Unlike the smooth-suited, suave character he recently played on MBC’s sleeper hit, “Pasta,” off-screen Alex was low key.
Dressed casually, with a baseball cap crushed down over his head, his look would have screamed celebrity, save for the fact that he was missing a pair of shades.
In a low, husky voice, punctuated by deep and good-humored laughs, he fielded questions, leaning in every now and then to put emphasis on a particularly funny story, singing and making sounds to give his answers extra pizzazz.
Alex, in person, was every bit the performer, except if he crooned on stage and wooed female fans over with his gentle demeanor on the small screen, he was more of a comedian in real life, looking for a good laugh where he could find one.
The actor-singer-writer has come a long way from his beginnings as an assistant manager-turned-chef. For a moment, it looked like he would be spending the rest of his life working at a Japanese restaurant, happily married to his girlfriend. Then everything changed. They broke up, putting an end to his plans for wedded bliss.
So, what did he do? The Korean-Canadian packed up his bags and flew to Korea. Once there he would go on to debut as a member of the music group, CLAZZIQUAI PROJECT.
Not one to rest on his laurels, he went on to star in MBC’s hit reality show “We Got Married,” test out his acting chops in a four-episode cable drama, do stints as an MC and a radio DJ before going on to belt out his vocals in a musical, pen a food essay and hold his first solo concert in Japan.
Then 2010 came around. Alex landed a role in MBC’s food romance “Pasta,” where he played the charming, soft-spoken and utterly, hopelessly devoted Kim San. The series got off to a slow start but nabbed higher viewer ratings later on, ending with a bang on March 9.
Though the 30-year old had previous acting experience coming into the series, he took his thespian skills to the next level with acting classes.
“For example, if the call time was at 8, but it got pushed to 11, then I would run to my teacher and take an hour-long class and then come back and film,” Alex said in an interview with The Korea Herald.
In addition to classes, Alex rehearsed his lines when he dropped by the bathroom for an occasional smoke.
“When I got the script what I had to do (was look at) where my line is and right above that, you know, (look at) what my co-star says,” he explained. “The fun part about doing this is that it would be very idiotic to just memorize my lines because I need to know what the other person is going to say so that I can deliver my lines perfectly.”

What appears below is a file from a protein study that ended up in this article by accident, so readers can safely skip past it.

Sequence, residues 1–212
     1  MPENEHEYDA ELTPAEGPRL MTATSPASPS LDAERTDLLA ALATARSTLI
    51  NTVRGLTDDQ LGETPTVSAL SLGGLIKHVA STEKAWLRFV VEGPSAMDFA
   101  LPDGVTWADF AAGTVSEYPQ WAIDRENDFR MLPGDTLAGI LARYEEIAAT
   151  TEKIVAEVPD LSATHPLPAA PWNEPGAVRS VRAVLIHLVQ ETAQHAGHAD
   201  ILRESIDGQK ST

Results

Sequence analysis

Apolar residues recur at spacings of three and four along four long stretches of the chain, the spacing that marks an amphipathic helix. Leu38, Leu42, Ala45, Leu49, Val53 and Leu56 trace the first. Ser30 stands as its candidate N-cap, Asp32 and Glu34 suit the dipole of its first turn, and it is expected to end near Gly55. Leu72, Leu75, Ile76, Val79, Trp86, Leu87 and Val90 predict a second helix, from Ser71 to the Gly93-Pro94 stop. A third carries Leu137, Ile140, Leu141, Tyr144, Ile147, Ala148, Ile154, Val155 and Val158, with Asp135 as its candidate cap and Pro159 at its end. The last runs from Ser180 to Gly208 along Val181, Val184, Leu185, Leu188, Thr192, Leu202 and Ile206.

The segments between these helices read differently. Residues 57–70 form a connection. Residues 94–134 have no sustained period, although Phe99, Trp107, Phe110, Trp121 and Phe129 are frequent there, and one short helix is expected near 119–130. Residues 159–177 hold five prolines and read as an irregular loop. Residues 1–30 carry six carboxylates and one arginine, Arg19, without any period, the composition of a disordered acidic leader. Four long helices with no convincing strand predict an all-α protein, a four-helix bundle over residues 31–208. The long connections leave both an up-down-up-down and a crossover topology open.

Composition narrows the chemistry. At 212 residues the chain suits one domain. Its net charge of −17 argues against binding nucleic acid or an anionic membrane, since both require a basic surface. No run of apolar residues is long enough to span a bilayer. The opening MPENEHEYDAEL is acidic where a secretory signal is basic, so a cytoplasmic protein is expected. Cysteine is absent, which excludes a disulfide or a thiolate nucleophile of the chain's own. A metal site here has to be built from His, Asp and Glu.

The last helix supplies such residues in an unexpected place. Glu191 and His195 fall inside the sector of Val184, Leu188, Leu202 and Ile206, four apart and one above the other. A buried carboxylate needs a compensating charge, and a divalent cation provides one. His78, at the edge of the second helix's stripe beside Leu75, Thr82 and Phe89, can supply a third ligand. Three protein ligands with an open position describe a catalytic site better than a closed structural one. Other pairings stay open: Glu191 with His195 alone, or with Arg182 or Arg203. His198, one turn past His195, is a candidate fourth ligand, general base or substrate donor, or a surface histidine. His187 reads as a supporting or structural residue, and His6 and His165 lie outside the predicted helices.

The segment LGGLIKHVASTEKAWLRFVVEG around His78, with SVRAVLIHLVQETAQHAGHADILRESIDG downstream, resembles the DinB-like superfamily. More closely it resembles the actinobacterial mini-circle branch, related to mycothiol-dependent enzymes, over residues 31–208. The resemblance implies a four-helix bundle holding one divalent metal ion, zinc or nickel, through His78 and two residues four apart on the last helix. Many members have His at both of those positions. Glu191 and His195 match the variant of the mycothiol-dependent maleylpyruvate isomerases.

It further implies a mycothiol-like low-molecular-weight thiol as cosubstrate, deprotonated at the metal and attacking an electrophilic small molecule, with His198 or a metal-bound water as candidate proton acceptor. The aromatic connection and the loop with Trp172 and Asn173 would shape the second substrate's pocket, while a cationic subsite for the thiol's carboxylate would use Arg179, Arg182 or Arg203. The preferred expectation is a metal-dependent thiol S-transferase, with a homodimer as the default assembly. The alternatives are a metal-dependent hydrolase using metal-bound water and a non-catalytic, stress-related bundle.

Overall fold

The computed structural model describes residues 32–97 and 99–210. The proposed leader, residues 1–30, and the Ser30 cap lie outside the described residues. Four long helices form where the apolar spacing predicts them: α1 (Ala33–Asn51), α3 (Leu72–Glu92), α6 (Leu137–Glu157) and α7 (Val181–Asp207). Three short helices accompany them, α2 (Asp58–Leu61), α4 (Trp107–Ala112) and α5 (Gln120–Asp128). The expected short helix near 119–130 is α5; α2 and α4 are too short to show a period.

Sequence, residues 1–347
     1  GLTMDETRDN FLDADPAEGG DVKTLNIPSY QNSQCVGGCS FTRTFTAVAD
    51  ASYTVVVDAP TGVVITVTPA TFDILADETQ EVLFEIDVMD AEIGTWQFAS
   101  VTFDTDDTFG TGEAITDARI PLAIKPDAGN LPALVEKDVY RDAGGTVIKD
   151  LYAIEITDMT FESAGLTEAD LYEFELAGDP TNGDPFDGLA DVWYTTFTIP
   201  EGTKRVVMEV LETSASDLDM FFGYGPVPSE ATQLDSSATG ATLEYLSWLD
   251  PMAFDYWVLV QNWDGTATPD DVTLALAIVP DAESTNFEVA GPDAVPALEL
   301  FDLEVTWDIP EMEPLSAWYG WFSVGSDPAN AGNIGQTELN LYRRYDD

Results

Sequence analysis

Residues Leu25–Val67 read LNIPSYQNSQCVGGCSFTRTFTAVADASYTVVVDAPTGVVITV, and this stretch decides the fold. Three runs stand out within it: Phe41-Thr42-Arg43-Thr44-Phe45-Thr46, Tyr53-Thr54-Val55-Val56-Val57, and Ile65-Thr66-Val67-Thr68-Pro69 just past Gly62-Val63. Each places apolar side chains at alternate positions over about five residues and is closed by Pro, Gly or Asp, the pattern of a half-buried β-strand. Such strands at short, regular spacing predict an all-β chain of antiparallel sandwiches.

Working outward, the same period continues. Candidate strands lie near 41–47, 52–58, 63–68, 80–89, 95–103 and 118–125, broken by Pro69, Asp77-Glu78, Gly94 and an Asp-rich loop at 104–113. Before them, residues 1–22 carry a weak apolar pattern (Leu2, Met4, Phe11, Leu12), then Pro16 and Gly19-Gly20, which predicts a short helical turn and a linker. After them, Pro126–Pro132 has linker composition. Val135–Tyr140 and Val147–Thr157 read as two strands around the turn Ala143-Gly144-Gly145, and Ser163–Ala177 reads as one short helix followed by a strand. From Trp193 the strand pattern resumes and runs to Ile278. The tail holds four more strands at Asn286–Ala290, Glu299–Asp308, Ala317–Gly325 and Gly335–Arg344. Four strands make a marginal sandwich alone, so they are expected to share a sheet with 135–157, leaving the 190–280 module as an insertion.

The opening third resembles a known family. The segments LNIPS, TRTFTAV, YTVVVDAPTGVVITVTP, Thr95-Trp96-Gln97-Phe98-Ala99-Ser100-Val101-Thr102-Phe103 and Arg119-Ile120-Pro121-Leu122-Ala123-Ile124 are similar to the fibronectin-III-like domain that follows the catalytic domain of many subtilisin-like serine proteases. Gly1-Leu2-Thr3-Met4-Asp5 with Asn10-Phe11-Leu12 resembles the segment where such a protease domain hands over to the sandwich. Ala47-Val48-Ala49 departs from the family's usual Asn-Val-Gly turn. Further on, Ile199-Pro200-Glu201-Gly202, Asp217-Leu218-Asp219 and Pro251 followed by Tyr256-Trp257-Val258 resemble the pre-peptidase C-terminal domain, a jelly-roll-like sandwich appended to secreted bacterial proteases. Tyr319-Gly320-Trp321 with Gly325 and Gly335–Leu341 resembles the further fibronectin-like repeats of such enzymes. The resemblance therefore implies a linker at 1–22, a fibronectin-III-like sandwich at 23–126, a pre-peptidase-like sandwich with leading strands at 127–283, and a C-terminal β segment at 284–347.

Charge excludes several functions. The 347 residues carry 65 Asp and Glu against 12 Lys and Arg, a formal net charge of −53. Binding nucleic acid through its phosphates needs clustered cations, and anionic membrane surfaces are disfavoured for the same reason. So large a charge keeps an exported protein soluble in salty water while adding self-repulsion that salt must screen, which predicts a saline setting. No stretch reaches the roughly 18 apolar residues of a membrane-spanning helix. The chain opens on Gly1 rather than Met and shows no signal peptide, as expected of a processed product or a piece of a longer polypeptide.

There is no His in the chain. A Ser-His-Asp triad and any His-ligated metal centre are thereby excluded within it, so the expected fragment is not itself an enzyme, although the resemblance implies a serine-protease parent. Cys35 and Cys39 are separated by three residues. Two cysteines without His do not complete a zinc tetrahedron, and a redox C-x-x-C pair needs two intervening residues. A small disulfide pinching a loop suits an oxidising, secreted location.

“So since I needed to memorize other people’s lines, I would stand in front of the mirror,” he paused. “Yeah, here’s the funny part, sort of on my own, I would do Kim San and Suh Yoo-gyeong (co-star Kong Hyo-jin’s part).”
Mastering the role of Kim San, the owner of the restaurant where the girl-of-his-dreams works, was not easy for Alex. Not only did he have to practice his lines, he also had to find the right tone for his character, something that proved to be difficult in the beginning.
“I’m an NG-type of guy,” he admitted.
“When I first started, yeah, I was kind of mumbling,” he explained. “My voice is really, like, low, right? If I don’t talk high like this than my diction isn’t clear. So because of the low frequency of my voice, I had to speak in a higher tone. It was really awkward.”
Somehow, he found the right tone, got his lines down and still found time to down some pasta. In fact, the entire staff, according to Alex, got to taste the creations of the cast of “Pasta.”
“At first we didn’t eat because it (filming) was too hard. But later on we got used to it and even after filming for 10 hours, everyone did pasta and on the side, say, it was about steak, then the steak would be laid out and grilled, and when they called ‘cut’ then the staff and everyone would gather around and we would eat steak and stuff.”
“It was fun. It was really fun.” Alex chuckled.
Alex revealed that, unlike his character, however, he is not a pasta Aglio e Olio-type of guy. He is more into meatball sauce. On the flipside, he thinks that he does bear some similarities to the character Kim San, “except for one thing.”
“I would never be like that to a woman,” he said.
When asked what he meant, he answered, “Stalking for three years for example,” referring to Kim San’s devotion to his restaurant’s pasta chef, Suh Yoo-gyeong.
So then, what kind of a boyfriend is Alex?
“I’m spontaneous. I’m trying to be more spontaneous. Life is short. I got to spend it all.”
By Jean Oh
Luv him personally and of course his music ❤